Muscle function and grading is helpful to keep track of patient progress and figure out what is and is not working. At the same time, there can be significant variability in the way the tests are used, the precision, etc.  For practical reasons and surgical planning, a more simplified scale might be useful. For research purposes and for careful follow-up of recovery after injury and/or surgery, a more detailed scale might be useful.

The 0-5 Scale or British Medical Research Council (MRC) grading system is commonly used:

  • 0 – No contraction
  • 1 – Flicker/trace contraction
  • 2 – Active movement with gravity eliminated
  • 3 – Active movement against gravity
  • 4 – Active movement against resistance
  • 5 – Normal/full power

Subdivisions of grade 4 provide further information:

  • 4-  Slight movement against resistance
  • 4   Moderate movement against resistance
  • 4+ Strong movement against resistance

Generally for nerve and tendon transfer purposes, only nerves/muscles with grades of 4 or 5 should be used as donors.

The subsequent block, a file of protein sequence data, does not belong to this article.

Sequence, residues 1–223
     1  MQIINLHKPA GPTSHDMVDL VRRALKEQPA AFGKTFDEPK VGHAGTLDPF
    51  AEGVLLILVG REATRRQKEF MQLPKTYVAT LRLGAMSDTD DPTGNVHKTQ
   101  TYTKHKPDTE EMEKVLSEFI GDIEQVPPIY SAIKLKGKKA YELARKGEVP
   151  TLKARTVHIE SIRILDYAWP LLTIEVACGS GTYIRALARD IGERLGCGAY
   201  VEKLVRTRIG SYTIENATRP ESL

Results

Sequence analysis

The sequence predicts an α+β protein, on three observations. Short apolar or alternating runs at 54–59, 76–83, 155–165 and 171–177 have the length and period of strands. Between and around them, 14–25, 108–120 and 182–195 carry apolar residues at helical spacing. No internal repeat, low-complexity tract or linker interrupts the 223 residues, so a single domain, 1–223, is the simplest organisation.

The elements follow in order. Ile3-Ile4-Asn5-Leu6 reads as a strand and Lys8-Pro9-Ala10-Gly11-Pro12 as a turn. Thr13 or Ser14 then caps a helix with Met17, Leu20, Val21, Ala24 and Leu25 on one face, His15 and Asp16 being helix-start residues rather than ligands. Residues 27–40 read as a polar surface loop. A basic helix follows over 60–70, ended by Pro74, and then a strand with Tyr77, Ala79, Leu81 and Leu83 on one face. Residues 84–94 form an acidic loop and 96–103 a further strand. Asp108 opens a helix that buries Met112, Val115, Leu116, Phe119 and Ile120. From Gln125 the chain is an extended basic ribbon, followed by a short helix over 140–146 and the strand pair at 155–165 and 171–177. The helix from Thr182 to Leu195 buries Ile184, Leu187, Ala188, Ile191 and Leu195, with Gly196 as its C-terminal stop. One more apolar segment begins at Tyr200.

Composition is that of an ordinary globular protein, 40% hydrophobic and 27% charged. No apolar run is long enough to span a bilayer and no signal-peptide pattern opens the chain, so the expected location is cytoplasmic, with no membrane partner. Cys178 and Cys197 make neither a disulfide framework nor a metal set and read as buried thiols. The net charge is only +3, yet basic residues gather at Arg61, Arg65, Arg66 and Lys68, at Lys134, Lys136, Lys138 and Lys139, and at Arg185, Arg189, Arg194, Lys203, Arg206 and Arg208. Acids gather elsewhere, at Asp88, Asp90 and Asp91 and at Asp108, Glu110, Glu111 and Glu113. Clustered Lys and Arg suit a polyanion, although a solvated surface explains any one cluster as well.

However, in some special cases (where options are very limited as in multiple nerve or nerve root level injuries), we will use a weaker nerve that we expect to recover to a 4 or 5 (even if it is not at the time of the transfer) as a donor to reinnervate and regenerate into a more important muscle (with respect to overall function).

For following patient progress more precisely, tracking grade of function through the full range of motion is useful.  In this case, the a more detailed systems such as the 10-point scale (Kendalls, et al.) takes into account movement in the horizontal (gravity- eliminated) plane as well as in the antigravity position and requires movement through the complete range of motion to advance levels up the scale.